In an entirely expected move, the country faced a second wave of covid-19 and as a result there is now a second lockdown.
From my perspective not too much has changed. I am still working from home virtually all the time meeting via Teams and occasionally Zoom. I had started going to our office in Bristol once or twice a month, and was about to up this to once a week, I was in last week. However during November I will not be visiting the office or Bristol and will be following government guidelines.
The UCU said on Sunday that universities must move online for new national lockdown.
UCU said that universities must move all non-essential in-person teaching online as part of any plans for a national lockdown.
Now we have more details, we now know that the Government has said universities will remain open during this second lockdown. This will create headaches for universities as they plan to deliver more of their programmes online, but maintain some physical teaching to satisfy the Government. Of course some students will not want to attend physical lessons and lectures.
I did managed to get a coffee from one of my favourite coffee places before the lockdown.
Monday saw me involved in a meeting with Advance HE about how they and Jisc can work closely together in the areas of strategy and leadership, with a digital lens.
I was also working with a member of our communications teams on an article about data that we can use to promote the Data Matters conference. I have been working on the Data Matters conference all this week, looking at sessions and keynotes.
The universities minister wrote to vice-chancellors about their responsibilities.
I have written to vice-chancellors outlining what the new national restrictions will mean for universities. Their priority must be ensuring minimal disruption to students’ education and protecting their wellbeing.
— Michelle Donelan MP #stayalert (@michelledonelan) November 2, 2020
Again the emphasis was on staying open! This was the response from Wonkhe.
Tuesday I was chatting with colleagues from our Digital Resources team on how we can ensure that their work in content and discovery is aligned with the teaching and learning strategy I lead on at Jisc.
Was also involved in a meeting about digital leadership and was reminded how much work myself and Lawrie have put into digital leadership at Jisc and ongoing work in this space.
Wednesday saw the launch of the latest Jisc Learning and Teaching Reimagined report.
I have been involved in the project, I have written a couple of visions about the future. They’re not what I think the future of higher education will – or even should – look like, but just possible scenarios to inspire (possibly scare) and provoke discussion.
I also started a series or primers for senior managers as well: Introductory guides for senior leaders on the fundamentals of digital learning and teaching.
It was an insightful launch webinar and there was a range of presentations, review the recording.
Wonkhe published an article on a large survey on student wellbeing – and found that lonely students are not getting the social learning experience they crave.
We wanted to know whether students are considering dropping out, who is most at risk, the reasons why they’re thinking about it and what they think universities and students’ unions could do to help.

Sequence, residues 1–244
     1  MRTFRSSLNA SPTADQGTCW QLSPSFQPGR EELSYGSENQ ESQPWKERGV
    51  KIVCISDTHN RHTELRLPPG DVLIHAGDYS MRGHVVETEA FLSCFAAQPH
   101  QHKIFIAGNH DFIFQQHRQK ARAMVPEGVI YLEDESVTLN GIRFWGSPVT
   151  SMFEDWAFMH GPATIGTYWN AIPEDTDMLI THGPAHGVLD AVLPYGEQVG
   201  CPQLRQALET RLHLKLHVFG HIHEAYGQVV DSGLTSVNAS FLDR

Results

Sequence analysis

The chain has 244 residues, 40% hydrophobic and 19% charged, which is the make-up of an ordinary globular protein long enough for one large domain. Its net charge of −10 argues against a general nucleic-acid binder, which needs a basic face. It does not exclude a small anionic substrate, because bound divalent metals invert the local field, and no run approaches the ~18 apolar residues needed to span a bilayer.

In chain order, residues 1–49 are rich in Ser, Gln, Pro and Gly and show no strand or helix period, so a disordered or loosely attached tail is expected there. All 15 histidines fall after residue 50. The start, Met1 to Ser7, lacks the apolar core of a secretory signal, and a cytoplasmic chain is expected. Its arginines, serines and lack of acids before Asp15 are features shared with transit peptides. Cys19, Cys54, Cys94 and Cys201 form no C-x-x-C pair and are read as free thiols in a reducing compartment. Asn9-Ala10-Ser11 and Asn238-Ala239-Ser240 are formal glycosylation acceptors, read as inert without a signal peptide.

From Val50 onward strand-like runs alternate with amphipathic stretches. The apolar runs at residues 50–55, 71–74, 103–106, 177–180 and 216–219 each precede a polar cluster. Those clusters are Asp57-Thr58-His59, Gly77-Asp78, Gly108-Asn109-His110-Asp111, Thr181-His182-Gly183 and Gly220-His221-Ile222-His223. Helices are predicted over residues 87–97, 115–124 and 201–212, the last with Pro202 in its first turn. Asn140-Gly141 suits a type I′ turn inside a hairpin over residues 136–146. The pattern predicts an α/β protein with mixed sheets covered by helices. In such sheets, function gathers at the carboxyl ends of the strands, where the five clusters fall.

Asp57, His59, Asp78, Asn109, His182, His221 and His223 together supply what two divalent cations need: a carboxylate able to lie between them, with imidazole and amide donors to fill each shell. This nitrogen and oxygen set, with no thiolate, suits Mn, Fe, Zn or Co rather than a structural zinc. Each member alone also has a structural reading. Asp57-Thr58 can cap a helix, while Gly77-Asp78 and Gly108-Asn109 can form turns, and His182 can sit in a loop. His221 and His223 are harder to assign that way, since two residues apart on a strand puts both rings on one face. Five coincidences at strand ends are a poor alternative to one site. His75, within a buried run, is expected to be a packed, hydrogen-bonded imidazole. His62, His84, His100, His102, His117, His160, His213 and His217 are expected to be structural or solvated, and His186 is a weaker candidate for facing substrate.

The BBC reported that a mass exodus of students is expected as lockdown starts.
Students in cities across England could begin a mass exodus back to their families ahead of new lockdown measures coming into force on Thursday. Hilary Gyebi-Ababio, National Union of Students vice president for higher education, said students were “really wanting to go home”.
Lawrie posted this question to me tweet of the link.
So as students go home, I was wondering what people might have in place to maintain the social connectivity of students, especially this years cohort? https://t.co/7j2BWGJFYO
— Lawrie (@Lawrie) November 4, 2020
What are universities are doing to support their students, and in light of the research Wonkhe have reported on this week.
The Government clarified their new national restrictions guidance.
Under the new national restrictions from 5 November, the government will be requiring everyone to stay at their current home, except for specific purposes. This means students should not leave their term-time address to return home between 5 November and 2 December. We are asking students to remain at university and not to travel home before Thursday 5 November, to allow all students who are able to, to benefit from face-to-face teaching and COVID-secure educational facilities, and to prevent the increased risk of spreading coronavirus (COVID-19).
Independent SAGE though said that universities should teach online and send students home.
Thursday I was reviewing our Technical Career Pathway in Learning and Research, this has somewhat stalled over the last nine months for obvious reasons. Now though might be a time to review and evaluate what we should do next.
Had a few meetings with universities this week which were insightful and interesting.
Friday I had a day’s worth of meetings, I usually try and avoid that happening, as it is quite exhausting. Luckily one was a lot shorter than planned so I had a bigger break that I thought I was going to.
I think, though I love the speed, one of the key advantages of my new FTTP connection is reliability. I don’t think I’ve noticed if it has gone down or not. On my old FTTC connection, it was fall over at least once a day or even more. I would usually notice as my Alexa Spot device would show my hub login screen when the connection failed. Not seen that since we upgraded.
Oh and a certain election kept my attention wandering at times….
My top tweet this week was this one.
For breakfast this morning I had coffee. What did you have? #thisiswhattwitterwascreatedfor
— James Clay (@jamesclay) November 1, 2020